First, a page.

Table 2 Unadjusted associations with open reduction


Of all complications, only superficial infection, post-operative transfusion and nail-related complications were found to be statistically different between the two groups. Examining the deep infections (including unmatched cases), three were reported in the closed reduction group (two were re-operated) and ten in the open reduction group (eight were re-operated) (Table 3). Nail-related complications {24.9% [open reduction] Vs. 15.4% [closed reduction]; OR: 1.82 (1.10–2.99); p = 0.019} and need for transfusion within 48 h post-operatively {64.5% [open reduction] Vs. 41.5% [closed reduction]; OR: 2.56 (1.71–3.84); p < 0.001} likewise were higher in the open reduction group. Requirement for pre-operative transfusion, nail failure (breakage at lag screw junction or self-dynamisation), cut-out, fracture non-union, peri-implant fractures, admission to high dependency/intensive care (HDU/ICU) unit, length of hospital stay, 30-day and 1-year mortality rate were similar between the two groups (Table 1). Regarding re-operation risk, we failed to identify any significant difference in re-operation for nail failure (p = 0.331) and re-operation for any cause (p = 0.410).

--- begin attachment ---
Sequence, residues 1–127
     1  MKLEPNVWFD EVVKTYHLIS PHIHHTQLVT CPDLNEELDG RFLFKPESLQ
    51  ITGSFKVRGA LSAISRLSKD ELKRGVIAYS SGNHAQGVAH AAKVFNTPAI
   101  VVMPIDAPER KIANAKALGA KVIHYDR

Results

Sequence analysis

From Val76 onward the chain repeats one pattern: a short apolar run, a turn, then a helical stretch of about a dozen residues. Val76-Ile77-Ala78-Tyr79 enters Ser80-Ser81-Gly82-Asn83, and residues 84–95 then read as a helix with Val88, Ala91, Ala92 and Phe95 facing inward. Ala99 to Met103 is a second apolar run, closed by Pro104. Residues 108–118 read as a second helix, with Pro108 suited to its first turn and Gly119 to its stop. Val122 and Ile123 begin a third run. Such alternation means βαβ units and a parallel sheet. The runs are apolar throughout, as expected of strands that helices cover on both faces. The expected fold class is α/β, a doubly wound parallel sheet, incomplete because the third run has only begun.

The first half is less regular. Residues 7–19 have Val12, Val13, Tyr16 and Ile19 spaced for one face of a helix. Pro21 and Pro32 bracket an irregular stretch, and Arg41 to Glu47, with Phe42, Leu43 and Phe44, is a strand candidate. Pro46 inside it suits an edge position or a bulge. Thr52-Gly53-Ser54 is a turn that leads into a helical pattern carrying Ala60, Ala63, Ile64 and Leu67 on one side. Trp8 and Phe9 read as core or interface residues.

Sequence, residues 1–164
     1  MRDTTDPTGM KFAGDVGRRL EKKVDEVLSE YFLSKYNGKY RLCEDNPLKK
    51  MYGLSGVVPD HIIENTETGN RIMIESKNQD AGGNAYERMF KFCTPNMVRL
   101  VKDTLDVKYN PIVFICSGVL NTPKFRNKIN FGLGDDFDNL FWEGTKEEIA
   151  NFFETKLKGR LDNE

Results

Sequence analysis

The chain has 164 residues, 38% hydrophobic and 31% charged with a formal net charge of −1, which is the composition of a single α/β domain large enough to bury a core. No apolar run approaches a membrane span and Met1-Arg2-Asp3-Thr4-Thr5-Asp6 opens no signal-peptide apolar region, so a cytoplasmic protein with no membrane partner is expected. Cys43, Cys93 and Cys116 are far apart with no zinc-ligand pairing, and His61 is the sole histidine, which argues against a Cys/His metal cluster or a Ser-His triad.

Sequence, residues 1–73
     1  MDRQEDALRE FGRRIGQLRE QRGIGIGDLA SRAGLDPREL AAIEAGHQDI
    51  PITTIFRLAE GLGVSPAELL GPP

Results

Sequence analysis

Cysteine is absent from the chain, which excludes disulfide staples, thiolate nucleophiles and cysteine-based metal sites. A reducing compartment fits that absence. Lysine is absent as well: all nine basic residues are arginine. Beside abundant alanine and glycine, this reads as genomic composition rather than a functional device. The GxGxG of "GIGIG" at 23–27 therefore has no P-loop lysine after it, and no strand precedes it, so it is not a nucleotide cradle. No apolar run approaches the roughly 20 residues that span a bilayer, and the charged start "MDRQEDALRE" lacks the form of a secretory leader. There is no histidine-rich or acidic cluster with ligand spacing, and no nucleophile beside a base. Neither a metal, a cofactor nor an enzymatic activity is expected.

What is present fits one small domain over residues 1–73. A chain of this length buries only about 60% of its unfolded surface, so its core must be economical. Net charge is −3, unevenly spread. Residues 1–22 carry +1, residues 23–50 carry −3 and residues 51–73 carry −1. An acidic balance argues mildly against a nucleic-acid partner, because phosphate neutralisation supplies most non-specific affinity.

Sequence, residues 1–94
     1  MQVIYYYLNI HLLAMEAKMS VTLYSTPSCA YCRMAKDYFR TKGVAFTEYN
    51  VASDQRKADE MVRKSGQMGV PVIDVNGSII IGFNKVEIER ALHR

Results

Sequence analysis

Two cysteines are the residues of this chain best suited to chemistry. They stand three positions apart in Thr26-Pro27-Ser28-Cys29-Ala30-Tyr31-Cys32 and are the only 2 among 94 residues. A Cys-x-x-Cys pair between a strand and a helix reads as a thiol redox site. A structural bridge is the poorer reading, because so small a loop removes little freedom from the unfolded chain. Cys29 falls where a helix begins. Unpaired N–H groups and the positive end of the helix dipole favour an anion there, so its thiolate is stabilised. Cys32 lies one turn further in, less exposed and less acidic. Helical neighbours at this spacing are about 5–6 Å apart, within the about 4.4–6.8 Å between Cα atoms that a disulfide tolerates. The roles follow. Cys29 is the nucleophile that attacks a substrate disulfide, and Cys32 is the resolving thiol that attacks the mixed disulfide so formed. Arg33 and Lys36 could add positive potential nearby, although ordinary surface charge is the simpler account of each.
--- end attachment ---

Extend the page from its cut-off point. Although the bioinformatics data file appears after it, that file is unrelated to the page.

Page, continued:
Table 3 Outcomes of unmatched patients presenting with a deep infection

Factors associated with open reduction and risk of complications

Having adjusted for the different variables associated with open reduction, our logistic regression analysis of the matched groups revealed that open reduction was strongly associated with the following: an increased risk of superficial infection (OR: 7.88; 95% CI 1.63–38.16; p = 0.010), a distal extension of the fracture line to the diaphysis (OR: 2.30; 95% CI 1.45–3.65; p < 0.001), an increased risk of post-operative transfusion within the first 48 h following surgery (OR: 2.44; 95% CI 1.58–3.76; p < 0.001) and a surgical time of greater than 120 min (OR: 3.09; 95% CI 1.96–4.87; p < 0.001) (Table 4). Deep wound infection was not significant after correction for covariates (p = 0.160).